The otherworldly celebration of art, music and self-expression is powered by a serious technology backbone built and managed by a woman who knows how to keep the massive event running smoothly through extreme desert conditions.
Twenty years ago, Heather Gallagher traded in her corporate suit for dreadlocks. She brought her technology background to Burning Man, an annual week-long gathering in Nevada’s Black Rock Desert, and hasn’t looked back.
Late every summer, tens of thousands of people gather in the remote northwest corner of Nevada for an annual week-long bacchanalia of art, music and “radical self-expression.”
Surrounding the flamboyant and steampunk outfits, fire-belching vehicles and multi-story art installations, rises a fully functioning temporary metropolis called Black Rock City, complete with airport, law enforcement, DMV and IT/communications services.
That last amenity is the domain of Heather “CameraGirl” Gallagher, Burning Man’s Director of Technology.
Out on the “playa,” as attendees call the featureless desert, Gallagher and her team are responsible for keeping the various parts of the sprawling event connected with each other and the outside world — to a point.
“People go to black Rock City and have no idea all that technology exists, but that’s good,” she said. “The tech should support the experience, not be distracting.”
Gallagher is aware of the irony of maintaining an 80 Mb/s internet connection in one of the harshest environments in North America, where every day can bring burning sun, downpours or dust storms. Absolutely all of the Burning Man tech has to be trucked in and out; part of the event’s ethos is to leave no trace behind.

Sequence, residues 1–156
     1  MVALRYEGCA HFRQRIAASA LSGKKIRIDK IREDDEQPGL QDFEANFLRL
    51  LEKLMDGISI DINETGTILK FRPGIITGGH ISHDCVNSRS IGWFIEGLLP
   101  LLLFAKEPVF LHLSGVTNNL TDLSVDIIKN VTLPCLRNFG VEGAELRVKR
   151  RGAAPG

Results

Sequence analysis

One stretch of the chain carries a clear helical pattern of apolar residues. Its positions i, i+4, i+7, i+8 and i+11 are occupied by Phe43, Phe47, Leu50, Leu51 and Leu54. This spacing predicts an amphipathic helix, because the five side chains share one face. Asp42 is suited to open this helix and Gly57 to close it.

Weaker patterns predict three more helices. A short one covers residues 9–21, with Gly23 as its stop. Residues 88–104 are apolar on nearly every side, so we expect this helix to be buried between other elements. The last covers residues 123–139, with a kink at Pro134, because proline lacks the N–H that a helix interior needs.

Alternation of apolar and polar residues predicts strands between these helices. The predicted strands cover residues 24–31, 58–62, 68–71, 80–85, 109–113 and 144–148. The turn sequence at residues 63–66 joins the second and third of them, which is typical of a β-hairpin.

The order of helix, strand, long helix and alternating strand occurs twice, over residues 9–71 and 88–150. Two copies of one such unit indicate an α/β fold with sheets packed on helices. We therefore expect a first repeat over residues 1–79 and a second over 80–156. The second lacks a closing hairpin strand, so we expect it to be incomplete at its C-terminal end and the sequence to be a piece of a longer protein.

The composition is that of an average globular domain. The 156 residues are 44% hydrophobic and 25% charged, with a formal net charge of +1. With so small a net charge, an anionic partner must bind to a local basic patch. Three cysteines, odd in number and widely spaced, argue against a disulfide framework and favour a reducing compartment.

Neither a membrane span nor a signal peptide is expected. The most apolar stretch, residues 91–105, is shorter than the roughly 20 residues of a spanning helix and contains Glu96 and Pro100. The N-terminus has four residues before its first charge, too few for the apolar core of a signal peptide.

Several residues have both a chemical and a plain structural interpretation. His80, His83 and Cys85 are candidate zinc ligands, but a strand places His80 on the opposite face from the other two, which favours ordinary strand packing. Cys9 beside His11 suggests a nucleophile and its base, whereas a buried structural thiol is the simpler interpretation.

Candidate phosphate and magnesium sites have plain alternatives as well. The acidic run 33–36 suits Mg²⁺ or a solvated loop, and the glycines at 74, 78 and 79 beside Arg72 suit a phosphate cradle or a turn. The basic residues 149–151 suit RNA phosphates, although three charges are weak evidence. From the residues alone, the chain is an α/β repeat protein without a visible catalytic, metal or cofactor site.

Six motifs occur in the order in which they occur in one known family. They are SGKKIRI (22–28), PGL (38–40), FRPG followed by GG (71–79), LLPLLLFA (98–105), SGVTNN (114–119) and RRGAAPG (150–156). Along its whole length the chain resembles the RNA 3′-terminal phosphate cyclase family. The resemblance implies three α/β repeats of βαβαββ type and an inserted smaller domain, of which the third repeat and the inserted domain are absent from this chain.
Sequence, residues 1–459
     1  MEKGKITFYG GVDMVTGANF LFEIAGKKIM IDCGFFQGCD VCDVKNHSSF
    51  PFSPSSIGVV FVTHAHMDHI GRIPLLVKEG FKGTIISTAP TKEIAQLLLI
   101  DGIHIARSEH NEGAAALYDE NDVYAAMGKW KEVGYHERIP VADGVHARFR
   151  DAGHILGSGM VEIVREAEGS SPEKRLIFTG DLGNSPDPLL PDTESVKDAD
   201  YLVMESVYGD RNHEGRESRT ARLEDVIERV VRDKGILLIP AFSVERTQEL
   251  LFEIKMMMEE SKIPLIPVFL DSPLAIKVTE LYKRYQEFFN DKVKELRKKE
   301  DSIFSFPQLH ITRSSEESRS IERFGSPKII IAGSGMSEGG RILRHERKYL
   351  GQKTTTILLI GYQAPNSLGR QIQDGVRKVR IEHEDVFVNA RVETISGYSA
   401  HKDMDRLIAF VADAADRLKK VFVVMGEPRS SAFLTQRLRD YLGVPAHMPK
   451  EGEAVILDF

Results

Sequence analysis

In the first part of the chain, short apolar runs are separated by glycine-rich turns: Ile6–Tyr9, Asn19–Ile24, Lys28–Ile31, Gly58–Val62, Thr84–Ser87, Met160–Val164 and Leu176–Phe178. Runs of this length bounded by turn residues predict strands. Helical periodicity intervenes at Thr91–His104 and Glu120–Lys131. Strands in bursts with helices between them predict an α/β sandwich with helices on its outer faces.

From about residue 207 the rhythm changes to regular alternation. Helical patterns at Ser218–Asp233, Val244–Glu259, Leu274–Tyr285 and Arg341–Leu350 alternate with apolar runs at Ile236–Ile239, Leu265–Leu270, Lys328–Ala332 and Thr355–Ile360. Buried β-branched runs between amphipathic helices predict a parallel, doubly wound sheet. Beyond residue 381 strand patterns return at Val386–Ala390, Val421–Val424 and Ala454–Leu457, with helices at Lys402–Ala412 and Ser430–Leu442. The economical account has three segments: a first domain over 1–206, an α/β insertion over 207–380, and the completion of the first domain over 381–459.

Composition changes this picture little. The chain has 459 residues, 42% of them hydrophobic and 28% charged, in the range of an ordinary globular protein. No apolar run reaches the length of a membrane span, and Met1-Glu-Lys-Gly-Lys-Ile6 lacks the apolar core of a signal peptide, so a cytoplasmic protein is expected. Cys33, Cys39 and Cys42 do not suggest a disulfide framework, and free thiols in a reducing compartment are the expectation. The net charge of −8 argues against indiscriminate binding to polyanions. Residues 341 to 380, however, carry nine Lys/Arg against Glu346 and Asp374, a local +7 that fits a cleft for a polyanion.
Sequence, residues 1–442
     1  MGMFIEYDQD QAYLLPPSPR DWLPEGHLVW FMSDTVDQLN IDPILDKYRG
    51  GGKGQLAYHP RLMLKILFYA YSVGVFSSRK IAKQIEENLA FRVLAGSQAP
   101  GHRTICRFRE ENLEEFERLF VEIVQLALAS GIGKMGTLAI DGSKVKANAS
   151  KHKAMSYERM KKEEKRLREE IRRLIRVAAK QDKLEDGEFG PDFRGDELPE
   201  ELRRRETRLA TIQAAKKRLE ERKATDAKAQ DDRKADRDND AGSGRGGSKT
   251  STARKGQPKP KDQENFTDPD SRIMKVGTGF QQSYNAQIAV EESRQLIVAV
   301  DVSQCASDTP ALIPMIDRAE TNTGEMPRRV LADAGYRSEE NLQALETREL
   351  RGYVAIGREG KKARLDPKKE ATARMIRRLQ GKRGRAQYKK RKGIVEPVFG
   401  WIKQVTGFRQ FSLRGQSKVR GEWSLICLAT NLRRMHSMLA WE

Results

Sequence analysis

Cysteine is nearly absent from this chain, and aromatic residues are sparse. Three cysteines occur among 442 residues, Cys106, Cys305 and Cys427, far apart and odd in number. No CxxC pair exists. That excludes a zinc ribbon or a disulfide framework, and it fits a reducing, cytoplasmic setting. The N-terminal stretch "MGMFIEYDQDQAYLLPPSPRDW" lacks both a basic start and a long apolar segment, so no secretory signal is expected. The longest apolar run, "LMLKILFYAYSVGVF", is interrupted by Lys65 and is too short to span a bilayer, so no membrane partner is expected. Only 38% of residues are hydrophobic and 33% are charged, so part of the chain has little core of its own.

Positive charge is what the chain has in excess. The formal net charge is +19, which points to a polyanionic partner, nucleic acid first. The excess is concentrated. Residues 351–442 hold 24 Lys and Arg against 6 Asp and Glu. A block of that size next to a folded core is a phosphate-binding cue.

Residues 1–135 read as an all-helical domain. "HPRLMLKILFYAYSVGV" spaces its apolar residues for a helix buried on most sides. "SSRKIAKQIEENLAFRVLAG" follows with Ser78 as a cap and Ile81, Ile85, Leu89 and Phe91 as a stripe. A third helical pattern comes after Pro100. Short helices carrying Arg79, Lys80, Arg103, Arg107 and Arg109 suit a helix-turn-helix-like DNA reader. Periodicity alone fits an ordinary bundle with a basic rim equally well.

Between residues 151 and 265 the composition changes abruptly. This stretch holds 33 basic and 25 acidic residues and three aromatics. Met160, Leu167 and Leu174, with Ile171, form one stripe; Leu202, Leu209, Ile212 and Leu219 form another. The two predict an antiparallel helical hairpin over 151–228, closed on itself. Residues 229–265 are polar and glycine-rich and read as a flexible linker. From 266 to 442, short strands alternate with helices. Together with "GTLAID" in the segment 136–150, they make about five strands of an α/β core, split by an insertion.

But to Gallagher, the added challenge is just part of the job. Her rules for keeping hardware working on the playa also apply in any office: “Keep it cool. Keep it powered. Keep it closed. Keep it out of the elements. Have back-ups.”
Before Burning Man
Gallagher’s path to the playa started with degrees in computer information systems and computer science, both earned in Virginia where she grew up. She spent the next decade immersed in traditional corporate America as a telecommunications and integration consultant, learning to program in a dozen languages.
“I even wore a suit and pantyhose for a while,” Gallagher said with a laugh. That’s a long way from the multi-hued dreadlocks she sports now.
She was introduced to the world of “burners” after she moved to San Francisco in 1999.
“My friends would not stop talking about this Burning Man thing,” Gallagher said. “It was weirding me out.”
She went herself the following year and loved it.
“It was like stepping through a portal into a place with a new set of rules for a more brilliant and happy society,” she said.
Soon she was leading Burning Man’s photography team and producing its annual print calendar, earning the nickname CameraGirl. Gallagher joined the IT staff in 2003 and started managing the technology department in 2004.
Above all, Gallagher wanted to move closer to the human side of tech.
“I wanted to work at the place where technology interacts with users and human beings, not technology interacting with other technology,” she said.